Apache Kylin is an open source Distributed Analytics Engine designed to provide SQL interface and multi-dimensional analysis (extreme OLAP) on Big Data supporting extremely large datasets.
This is a major release after 2.5.0 and includes many new enhancements. All of these changes can be found in the release notes. Here is a highlight of the major ones:
SDK for JDBC Sources
Apache Kylin already supports several data sources like Amazon Redshift and SQL Server through JDBC.
To help developers handle SQL dialect differences and easily implement a new data source through JDBC, Kylin provides a new data source SDK with APIs for:
- Synchronizing metadata and data from JDBC source
- Building OLAP cubes from JDBC source
- Query pushdown to JDBC source engine when cube is unmatched
Check KYLIN-3552 for more.
Memcached as Distributed Cache
In the past, query caches were not efficiently used in Kylin for two reasons: aggressive cache expiration strategy and local cache. Because of the aggressive cache expiration strategy, useful caches are often cleaned up unnecessarily.
Because query caches are stored in local servers, they cannot be shared between servers. And because of the size limitation of local cache, not all useful query results can be cached.
To deal with these shortcomings, we changed the query cache expiration strategy by signature checking and introduced the memcached as Kylin’s distributed cache so that Kylin servers are able to share cache between servers.
And it’s easy to add memcached servers to scale out distributed cache. With enough memcached servers, we can cache things as much as possible. Then we also introduce segment level query cache which can not only speed up queries but also reduce the rpcs to HBase.
The related tasks are KYLIN-2895, KYLIN-2894, KYLIN-2896, KYLIN-2897, KYLIN-2898, KYLIN-2899.
ForkJoinPool for Fast Extreme OLAP Cubing
In the past, fast OLAP cubing used split threads, task threads, and main thread to do the OLAP cube building. There is complex join and error handling logic.
This new implementation leverages the ForkJoinPool from JDK, and the event split logic is handled in main thread. Cuboid task and sub-tasks are handled in fork join pool, cube results are collected async and can be written to output earlier.
Check KYLIN-2932 for more.
Improve HLLCounter Performance
In the past, the way to create HLLCounter and to compute harmonic mean were not efficient.
The new implementation improves the HLLCounter creation by copying register from another HLLCounter instead of merge. To compute harmonic mean in the HLLCSnapshot, it does this enhancement by :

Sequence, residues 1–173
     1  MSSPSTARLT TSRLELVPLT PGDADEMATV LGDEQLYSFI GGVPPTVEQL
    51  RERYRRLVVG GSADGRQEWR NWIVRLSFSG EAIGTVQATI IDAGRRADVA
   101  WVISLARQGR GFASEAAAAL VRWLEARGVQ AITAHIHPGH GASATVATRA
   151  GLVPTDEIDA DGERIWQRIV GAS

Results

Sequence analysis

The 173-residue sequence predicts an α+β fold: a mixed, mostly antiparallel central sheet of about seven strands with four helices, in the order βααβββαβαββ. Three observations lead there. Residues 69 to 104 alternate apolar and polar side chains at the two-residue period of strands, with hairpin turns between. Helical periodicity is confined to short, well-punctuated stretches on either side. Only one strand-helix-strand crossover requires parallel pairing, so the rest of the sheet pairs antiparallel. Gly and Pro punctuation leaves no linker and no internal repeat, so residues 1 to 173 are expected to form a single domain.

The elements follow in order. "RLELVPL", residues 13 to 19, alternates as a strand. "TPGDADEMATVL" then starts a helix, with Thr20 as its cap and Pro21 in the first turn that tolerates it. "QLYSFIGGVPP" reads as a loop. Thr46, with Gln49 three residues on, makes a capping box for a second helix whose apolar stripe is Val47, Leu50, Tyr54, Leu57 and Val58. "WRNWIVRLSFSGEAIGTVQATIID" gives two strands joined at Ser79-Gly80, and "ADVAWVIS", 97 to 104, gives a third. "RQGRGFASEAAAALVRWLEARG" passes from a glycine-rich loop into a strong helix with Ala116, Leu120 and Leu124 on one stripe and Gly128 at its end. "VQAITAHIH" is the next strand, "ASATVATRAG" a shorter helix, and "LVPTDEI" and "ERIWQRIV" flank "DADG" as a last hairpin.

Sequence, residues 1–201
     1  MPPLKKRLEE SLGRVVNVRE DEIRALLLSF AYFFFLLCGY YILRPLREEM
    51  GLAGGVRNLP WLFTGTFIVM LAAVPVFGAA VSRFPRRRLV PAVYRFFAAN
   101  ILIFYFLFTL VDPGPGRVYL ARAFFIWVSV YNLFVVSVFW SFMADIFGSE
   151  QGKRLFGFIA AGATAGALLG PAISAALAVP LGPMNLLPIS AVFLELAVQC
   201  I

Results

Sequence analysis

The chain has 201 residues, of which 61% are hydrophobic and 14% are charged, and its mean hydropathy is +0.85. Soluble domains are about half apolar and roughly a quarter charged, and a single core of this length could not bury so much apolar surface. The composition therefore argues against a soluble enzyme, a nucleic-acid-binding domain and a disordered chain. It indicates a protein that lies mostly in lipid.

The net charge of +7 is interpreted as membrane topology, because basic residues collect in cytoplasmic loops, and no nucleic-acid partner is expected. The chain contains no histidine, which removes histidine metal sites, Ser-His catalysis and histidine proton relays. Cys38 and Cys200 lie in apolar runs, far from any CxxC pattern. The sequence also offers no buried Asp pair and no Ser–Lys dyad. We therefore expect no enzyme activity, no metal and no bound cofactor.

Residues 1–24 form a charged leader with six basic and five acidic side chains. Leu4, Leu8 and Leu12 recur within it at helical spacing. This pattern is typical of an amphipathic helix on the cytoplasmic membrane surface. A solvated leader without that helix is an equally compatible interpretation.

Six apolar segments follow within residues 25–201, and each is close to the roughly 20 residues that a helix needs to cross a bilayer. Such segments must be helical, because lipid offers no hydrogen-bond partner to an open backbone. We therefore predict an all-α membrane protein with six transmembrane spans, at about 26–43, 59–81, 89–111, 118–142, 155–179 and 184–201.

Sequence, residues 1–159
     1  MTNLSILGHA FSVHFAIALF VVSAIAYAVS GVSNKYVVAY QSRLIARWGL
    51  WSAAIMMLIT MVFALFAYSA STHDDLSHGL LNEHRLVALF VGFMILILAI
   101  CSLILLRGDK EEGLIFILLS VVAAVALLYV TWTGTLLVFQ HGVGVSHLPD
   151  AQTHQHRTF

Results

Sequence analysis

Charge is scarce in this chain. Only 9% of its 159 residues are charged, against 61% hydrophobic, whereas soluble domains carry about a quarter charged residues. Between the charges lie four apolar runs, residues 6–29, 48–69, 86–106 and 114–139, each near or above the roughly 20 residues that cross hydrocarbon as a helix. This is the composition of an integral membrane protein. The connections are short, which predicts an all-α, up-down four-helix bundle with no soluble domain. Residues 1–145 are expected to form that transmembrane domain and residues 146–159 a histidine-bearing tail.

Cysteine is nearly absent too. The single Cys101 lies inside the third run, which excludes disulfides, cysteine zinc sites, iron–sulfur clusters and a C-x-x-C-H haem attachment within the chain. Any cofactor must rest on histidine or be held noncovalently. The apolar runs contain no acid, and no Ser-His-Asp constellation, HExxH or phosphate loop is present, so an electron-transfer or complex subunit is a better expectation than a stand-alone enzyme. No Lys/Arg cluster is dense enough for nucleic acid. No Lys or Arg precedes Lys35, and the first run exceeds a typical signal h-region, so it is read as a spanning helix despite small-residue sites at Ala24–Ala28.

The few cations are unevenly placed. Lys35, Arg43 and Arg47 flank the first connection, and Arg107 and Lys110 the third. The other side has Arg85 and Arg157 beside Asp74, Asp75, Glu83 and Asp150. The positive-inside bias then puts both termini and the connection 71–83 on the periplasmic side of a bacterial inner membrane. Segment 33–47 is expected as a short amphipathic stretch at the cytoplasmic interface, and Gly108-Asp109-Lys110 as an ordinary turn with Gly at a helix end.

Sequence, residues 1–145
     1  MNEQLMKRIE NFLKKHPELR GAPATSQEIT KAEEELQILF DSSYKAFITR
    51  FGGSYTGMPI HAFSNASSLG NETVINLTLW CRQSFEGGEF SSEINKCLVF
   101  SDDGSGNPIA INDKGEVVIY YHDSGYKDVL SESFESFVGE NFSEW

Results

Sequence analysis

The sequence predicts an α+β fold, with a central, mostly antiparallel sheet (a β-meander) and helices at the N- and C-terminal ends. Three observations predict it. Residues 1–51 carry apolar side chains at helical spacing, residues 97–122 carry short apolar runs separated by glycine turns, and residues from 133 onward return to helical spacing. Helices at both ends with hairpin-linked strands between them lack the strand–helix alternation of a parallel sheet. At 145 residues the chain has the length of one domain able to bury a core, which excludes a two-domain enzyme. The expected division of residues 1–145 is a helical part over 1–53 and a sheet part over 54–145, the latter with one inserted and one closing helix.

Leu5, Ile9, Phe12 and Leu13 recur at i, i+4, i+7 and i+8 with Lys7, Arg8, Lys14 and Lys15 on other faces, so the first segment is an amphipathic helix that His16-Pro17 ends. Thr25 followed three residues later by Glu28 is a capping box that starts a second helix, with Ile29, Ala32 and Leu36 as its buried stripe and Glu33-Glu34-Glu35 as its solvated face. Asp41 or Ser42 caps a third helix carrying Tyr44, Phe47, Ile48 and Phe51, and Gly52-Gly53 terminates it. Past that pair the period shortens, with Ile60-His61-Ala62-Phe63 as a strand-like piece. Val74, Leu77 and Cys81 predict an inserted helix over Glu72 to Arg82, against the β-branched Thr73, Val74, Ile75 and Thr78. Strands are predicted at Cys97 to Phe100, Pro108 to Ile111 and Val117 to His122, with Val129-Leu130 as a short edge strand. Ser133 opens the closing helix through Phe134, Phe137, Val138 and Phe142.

- Using table to cache all 1/2^r without computing on the fly
- Remove floating addition by using integer addition in the bigger loop
- Remove branch, e.g. needn’t check whether registers[i] is zero or not (although this is a minor improvement)
Check KYLIN-3656 for more.
Improve Cuboid Recommendation Algorithm
In the past, to add cuboids which are not prebuilt, the cube planner turns to mandatory cuboids which are selected if its rollup row count is above some threshold.
There are two shortcomings:
- The way to estimate the rollup row count is not good
- It’s hard to determine the threshold of rollup row count for recommending mandatory cuboids
The new implementation improves the way to estimate the row count of un-prebuilt cuboids by rollup ratio rather than exact rollup row count. With better estimated row counts for un-prebuilt cuboids, the cost-based cube planner algorithm will decide which cuboid to be built or not and the threshold for previous mandatory cuboids.
With this improvement, we don’t need the threshold for mandatory cuboids recommendation, and mandatory cuboids can only be manually set and will not be recommended.
Check KYLIN-3540 for more.
To download Apache Kylin v2.6.0 source code or binary package, visit the download page.
Follow the upgrade guide.
If you face issues or have any questions, please send mail to the Apache Kylin dev or user mailing list: email@example.com, firstname.lastname@example.org; Before sending, please make sure you have subscribed the mailing list by dropping an email to email@example.com or firstname.lastname@example.org.
Great thanks to everyone who contributed!